Saudi Arabia, the birthplace as well as spiritual home of Islam, has been in news in recent years as it makes strenuous efforts to enhance its global profile as a leader of (Sunni) Islamic world. It managed the Arab Spring so well that though the phenomenon had struck entire Arab world, starting from Tunisia, just passed by that nation without making any real impact on the Saudi life and politics.
It has been a wild ride for oil prices. November 4th, 2017, prime minister of Lebanon Mr. Hariri resigns, at night missiles from rebel occupied Yemen can be seen hurtling across the sky of Kingdom of Saudi Arabia. What begins next has been widely covered by all the major media outlets.
In the current vision of the Crown Prince Muhammad bin Salman, the Saudi national anti-corruption Commission “Nazaha” has worked very well. The anti-corruption Nazaha is a complex organization, with a large set of international and local rules, always explicitly referring to the UN - and anyway international - best practice.
Ratings agencies must downgrade businesses responsible for unethical practices such as tax evasion carried out through off-shore-registered companies, two United Nations human rights experts warned, while urging countries to cooperate to counter this global tax abuse problem.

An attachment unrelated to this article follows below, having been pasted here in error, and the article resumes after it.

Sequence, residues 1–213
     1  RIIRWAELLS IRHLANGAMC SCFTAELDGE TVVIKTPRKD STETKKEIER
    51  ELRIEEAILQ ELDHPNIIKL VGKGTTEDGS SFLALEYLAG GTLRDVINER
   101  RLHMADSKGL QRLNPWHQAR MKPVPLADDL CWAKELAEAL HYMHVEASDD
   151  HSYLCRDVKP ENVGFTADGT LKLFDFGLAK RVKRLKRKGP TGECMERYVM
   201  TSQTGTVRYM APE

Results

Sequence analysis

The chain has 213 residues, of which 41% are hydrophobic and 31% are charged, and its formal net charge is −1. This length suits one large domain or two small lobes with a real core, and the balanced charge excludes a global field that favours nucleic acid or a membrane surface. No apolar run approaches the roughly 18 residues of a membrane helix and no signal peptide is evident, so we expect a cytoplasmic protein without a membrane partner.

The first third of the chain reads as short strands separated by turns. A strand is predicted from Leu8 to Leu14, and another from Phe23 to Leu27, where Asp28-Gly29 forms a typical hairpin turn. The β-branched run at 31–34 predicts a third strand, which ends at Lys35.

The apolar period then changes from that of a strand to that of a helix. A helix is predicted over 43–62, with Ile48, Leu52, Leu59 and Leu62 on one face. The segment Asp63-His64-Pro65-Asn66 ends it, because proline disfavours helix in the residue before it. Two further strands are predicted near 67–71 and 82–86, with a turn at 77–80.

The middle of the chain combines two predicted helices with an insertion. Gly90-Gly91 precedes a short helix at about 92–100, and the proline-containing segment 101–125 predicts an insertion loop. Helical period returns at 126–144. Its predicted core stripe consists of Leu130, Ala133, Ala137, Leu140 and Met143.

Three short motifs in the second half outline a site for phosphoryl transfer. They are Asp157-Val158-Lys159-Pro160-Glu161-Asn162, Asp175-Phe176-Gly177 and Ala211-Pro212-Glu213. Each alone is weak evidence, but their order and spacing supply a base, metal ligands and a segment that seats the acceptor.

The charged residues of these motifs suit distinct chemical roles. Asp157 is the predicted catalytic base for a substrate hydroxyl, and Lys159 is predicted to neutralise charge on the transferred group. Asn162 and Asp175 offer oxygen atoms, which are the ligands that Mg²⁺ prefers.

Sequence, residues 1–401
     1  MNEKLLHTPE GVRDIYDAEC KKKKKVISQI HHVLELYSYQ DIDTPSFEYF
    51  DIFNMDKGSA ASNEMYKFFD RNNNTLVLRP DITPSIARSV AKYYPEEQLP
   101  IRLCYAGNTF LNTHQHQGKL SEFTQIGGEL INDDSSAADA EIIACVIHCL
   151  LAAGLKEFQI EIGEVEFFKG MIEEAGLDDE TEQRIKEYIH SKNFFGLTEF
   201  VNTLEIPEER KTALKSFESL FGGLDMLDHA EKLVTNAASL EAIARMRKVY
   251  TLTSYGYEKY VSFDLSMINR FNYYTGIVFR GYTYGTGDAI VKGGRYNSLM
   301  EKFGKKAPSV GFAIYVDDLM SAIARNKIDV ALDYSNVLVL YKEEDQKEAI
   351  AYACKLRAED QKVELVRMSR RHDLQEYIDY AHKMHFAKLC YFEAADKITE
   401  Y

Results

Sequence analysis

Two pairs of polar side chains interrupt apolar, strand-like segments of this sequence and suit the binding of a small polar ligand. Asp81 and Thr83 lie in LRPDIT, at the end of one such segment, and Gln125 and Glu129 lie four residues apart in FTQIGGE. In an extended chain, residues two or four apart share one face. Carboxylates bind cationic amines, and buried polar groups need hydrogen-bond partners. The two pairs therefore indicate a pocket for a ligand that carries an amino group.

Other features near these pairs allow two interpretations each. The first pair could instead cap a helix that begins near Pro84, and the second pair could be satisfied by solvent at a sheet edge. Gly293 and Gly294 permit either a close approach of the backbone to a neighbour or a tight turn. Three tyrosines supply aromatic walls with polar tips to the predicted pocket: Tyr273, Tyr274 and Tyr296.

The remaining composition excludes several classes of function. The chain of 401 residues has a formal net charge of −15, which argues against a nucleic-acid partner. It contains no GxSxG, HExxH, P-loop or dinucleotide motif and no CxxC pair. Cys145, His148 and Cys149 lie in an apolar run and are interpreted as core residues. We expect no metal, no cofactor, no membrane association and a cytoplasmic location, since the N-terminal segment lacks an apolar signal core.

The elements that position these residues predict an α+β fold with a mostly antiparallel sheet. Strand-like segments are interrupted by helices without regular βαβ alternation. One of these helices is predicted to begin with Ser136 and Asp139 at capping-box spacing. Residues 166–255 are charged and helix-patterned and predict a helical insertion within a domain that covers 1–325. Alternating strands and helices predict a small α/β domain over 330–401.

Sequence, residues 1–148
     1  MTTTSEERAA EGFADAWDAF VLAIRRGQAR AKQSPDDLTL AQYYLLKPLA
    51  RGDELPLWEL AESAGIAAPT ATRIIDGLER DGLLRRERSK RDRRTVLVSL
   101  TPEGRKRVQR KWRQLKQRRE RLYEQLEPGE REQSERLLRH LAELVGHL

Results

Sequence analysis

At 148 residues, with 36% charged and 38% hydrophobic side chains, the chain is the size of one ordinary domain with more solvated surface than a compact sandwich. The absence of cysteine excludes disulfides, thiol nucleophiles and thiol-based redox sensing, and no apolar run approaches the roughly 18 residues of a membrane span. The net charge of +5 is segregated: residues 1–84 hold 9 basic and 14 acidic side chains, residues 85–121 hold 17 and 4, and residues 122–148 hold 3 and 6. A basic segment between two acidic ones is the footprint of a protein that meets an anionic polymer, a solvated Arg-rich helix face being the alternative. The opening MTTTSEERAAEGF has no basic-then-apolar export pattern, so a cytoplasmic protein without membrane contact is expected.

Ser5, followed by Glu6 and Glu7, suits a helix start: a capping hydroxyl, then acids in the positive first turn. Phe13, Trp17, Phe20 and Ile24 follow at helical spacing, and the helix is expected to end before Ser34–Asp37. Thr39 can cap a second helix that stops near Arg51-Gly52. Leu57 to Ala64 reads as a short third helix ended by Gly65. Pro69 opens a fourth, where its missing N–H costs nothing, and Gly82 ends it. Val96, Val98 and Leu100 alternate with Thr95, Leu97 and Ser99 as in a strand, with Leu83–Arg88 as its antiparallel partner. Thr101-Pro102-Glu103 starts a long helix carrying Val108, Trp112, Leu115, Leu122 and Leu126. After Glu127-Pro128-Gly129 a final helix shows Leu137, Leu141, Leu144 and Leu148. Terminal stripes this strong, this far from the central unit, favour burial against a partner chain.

Theresa May is facing a second cabinet reshuffle in a week, as she comes under pressure to say what the Foreign Office knew of Indian origin Priti Patel's visit to Israel. Ms Patel resigned as international development secretary on Wednesday after holding a series of unauthorised meetings with Israeli officials.
Kuwaiti billionaire Maan al-Sanea should have seen it coming after Saudi Crown Prince Mohammed bin Salman vowed to root out corruption.
Saudi Crown Prince Mohammed bin Salman has won the first round of what could prove to be an unprecedented power grab that comes to haunt him. The prince's frontal assault on significant segments of the kingdom's elite; assertions of unrest in the military and the national guard, and a flood of rumours, including allegations that a prominent member of the ruling family, Prince Abdul Aziz bin Fahd, died under mysterious circumstances suggest however that the struggle may be far from over.
Few paid attention to a rare protest in Saudi Arabia in late January 2011 as a wave of popular uprisings swept the Middle East and North Africa, toppling the leaders of Tunisia, Egypt, Libya and Yemen.